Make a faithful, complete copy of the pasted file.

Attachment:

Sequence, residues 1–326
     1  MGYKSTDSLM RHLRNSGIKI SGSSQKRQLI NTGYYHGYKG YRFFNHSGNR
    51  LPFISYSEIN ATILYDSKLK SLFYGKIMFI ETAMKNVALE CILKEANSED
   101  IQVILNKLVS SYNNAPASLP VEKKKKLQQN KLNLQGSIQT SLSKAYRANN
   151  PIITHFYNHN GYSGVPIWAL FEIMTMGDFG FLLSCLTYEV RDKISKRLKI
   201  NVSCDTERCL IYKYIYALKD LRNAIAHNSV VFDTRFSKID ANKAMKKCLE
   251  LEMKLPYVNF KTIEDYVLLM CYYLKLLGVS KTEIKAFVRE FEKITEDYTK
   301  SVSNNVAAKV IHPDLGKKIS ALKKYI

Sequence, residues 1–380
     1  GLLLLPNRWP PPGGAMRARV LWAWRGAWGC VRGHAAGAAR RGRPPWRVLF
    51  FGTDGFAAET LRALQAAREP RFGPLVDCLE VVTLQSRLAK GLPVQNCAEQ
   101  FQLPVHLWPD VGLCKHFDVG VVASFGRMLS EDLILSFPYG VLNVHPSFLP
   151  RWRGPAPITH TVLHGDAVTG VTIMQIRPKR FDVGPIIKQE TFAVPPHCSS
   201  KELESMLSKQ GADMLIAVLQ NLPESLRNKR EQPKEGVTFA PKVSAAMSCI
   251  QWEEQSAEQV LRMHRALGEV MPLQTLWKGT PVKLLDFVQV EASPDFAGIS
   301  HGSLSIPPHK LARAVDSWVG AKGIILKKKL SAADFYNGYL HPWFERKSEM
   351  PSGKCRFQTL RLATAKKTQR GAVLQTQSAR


Sequence, residues 1–326
     1  MGYKSTDSLM RHLRNSGIKI SGSSQKRQLI NTGYYHGYKG YRFFNHSGNR
    51  LPFISYSEIN ATILYDSKLK SLFYGKIMFI ETAMKNVALE CILKEANSED
   101  IQVILNKLVS SYNNAPASLP VEKKKKLQQN KLNLQGSIQT SLSKAYRANN
   151  PIITHFYNHN GYSGVPIWAL FEIMTMGDFG FLLSCLTYEV RDKISKRLKI
   201  NVSCDTERCL IYKYIYALKD LRNAIAHNSV VFDTRFSKID ANKAMKKCLE
   251  LEMKLPYVNF KTIEDYVLLM CYYLKLLGVS KTEIKAFVRE FEKITEDYTK
   301  SVSNNVAAKV IHPDLGKKIS ALKKYI

Sequence, residues 1–380
     1  GLLLLPNRWP PPGGAMRARV LWAWRGAWGC VRGHAAGAAR RGRPPWRVLF
    51  FGTDGFAAET LRALQAAREP RFGPLVDCLE VVTLQSRLAK GLPVQNCAEQ
   101  FQLPVHLWPD VGLCKHFDVG VVASFGRMLS EDLILSFPYG VLNVHPSFLP
   151  RWRGPAPITH TVLHGDAVTG VTIMQIRPKR FDVGPIIKQE TFAVPPHCSS
   201  KELESMLSKQ GADMLIAVLQ NLPESLRNKR EQPKEGVTFA PKVSAAMSCI
   251  QWEEQSAEQV LRMHRALGEV MPLQTLWKGT PVKLLDFVQV EASPDFAGIS
   301  HGSLSIPPHK LARAVDSWVG AKGIILKKKL SAADFYNGYL HPWFERKSEM
   351  PSGKCRFQTL RLATAKKTQR GAVLQTQSAR